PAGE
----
We Talk Scarlett Couture with Des Taylor
Although relatively new in the field of comics, Des Taylor has already turned heads with his creator driven series Scarlett Couture from Titan Comics. Focusing on both the worlds of espionage and fashion, it features a compelling heroine in an unconventional role.
Graphic Policy: Can you talk a bit about the inspiration for the series and the characters? She is a bit more than just a female James Bond.
Des Taylor: The Idea for the series came in 2005 when I was working as a freelance illustrator for a fashion magazine. During one of their annual summer parties in a swish club in London, I noticed over at the VIP area some guys were trying to gain access to see someone ( As I recall it was Joe Cole – England Football Player) and the security weren’t letting them in. Soon after a group of 5 girls walked up and Security ushered them over to him.I started to vision in my head a scenario. “What if that was some sort of Billionaire Criminal… and the CIA needed to gain access to him to plant a bug? What better way than a group of Supermodels that can placate his ego… and at the same time plant the device on him?”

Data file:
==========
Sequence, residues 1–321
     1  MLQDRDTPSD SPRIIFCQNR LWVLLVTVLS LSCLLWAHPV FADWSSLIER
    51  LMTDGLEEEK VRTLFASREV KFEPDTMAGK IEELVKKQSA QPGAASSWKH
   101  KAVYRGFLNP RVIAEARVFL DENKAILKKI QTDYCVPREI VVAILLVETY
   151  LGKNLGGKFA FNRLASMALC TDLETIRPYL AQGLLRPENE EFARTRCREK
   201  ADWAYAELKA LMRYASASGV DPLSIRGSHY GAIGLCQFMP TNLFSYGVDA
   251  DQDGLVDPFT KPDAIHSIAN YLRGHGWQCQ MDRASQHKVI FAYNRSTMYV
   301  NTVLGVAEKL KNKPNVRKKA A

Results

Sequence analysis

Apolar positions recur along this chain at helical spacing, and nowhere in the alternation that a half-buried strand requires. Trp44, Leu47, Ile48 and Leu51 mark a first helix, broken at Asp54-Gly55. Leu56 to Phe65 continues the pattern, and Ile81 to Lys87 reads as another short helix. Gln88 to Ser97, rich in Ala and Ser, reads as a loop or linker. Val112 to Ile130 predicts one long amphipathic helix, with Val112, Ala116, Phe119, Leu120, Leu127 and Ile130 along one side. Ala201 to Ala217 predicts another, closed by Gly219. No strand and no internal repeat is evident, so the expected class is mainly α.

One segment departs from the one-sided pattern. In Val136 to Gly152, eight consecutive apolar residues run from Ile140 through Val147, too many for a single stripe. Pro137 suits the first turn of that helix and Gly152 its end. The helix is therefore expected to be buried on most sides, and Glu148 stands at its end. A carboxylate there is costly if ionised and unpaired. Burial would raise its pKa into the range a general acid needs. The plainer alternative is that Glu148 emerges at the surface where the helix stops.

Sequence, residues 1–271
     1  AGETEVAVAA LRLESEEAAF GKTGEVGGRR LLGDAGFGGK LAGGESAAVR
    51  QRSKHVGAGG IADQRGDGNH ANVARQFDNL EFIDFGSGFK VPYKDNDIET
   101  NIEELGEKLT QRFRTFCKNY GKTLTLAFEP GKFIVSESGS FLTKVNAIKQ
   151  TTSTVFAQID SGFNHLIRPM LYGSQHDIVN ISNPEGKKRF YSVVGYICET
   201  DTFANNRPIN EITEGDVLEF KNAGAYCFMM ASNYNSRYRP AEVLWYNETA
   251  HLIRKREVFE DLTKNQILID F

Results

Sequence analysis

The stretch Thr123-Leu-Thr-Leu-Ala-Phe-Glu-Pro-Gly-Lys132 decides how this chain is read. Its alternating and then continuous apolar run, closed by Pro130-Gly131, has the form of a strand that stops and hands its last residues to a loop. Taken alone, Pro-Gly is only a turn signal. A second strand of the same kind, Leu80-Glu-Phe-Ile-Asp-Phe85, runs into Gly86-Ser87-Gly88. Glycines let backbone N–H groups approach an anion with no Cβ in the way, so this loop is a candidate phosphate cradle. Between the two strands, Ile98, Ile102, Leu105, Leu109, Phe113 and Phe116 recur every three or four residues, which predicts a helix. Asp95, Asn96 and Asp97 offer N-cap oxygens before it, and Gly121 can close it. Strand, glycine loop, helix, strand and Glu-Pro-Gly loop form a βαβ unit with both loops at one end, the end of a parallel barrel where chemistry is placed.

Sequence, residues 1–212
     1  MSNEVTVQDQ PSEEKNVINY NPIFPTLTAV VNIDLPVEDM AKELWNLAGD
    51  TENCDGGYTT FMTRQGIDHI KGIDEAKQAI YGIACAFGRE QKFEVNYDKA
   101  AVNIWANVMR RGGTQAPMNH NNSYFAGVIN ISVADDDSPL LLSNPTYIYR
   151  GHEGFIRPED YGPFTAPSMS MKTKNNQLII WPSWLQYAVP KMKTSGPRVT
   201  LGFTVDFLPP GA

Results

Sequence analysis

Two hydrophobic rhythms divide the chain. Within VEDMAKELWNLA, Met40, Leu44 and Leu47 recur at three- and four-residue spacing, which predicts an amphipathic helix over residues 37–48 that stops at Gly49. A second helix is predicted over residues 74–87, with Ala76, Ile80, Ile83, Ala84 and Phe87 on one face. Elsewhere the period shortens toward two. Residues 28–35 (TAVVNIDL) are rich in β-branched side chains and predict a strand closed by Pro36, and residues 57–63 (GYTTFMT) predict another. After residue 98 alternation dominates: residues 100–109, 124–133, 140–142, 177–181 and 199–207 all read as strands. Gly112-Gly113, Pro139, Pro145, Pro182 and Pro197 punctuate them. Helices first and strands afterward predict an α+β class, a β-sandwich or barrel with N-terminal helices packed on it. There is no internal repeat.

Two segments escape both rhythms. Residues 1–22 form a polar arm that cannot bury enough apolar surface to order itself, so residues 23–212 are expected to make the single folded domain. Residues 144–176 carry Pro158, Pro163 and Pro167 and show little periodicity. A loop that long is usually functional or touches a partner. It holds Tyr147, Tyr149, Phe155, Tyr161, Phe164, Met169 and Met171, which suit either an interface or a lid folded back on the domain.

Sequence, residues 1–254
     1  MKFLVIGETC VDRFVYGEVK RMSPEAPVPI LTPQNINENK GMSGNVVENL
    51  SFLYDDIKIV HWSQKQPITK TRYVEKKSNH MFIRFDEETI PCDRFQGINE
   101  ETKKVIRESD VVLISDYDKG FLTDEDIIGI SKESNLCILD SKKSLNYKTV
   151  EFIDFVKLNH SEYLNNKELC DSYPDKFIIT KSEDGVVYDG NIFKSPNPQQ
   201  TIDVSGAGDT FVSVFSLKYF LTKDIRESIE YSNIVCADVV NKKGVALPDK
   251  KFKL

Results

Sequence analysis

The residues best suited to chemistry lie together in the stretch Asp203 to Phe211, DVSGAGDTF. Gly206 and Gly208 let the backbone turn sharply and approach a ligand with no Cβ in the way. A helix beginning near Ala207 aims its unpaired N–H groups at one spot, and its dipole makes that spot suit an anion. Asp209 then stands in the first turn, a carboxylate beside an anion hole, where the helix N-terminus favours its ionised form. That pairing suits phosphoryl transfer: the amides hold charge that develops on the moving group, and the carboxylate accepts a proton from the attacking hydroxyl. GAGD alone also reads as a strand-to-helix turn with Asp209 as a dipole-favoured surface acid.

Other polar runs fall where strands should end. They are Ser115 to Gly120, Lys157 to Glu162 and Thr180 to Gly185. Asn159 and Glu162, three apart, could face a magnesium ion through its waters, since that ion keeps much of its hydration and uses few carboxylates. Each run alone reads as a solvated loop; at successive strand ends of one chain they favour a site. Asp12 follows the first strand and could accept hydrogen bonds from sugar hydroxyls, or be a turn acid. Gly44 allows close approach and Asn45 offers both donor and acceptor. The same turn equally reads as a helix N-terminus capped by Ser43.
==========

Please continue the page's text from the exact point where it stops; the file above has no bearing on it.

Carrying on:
GP: You mention that this series is sort of based off of the appeal of supermodels, so are there specific supermodels that Scarlett is based off of?
DT: I based Scarlett’s look on a mishmash of Alessandra Ambrosia and actress Minka Kelly. They were the most stand out of the bunch ‘cause they look deadly in the eyes and really confident. I felt that was really important to have a mental image of the character’s face when putting pencil to paper.
GP: On that note why do you think that there are no red haired supermodels?
DT: Oohhh! Lily Cole and Cintia Dicker may have something to say about that LOL!
GP: Did you have to educate yourself a bit more than the average person about fashion?
DT: I’ve always loved fashion since I was a teenager and constantly bought Vogue. I obsessed over Cindy Crawford, Nicky Taylor and Christy Turlington. They were my faves. I think I had every photograph and book made by Herb Ritts back then…and I got a lot of stick for it from my mates.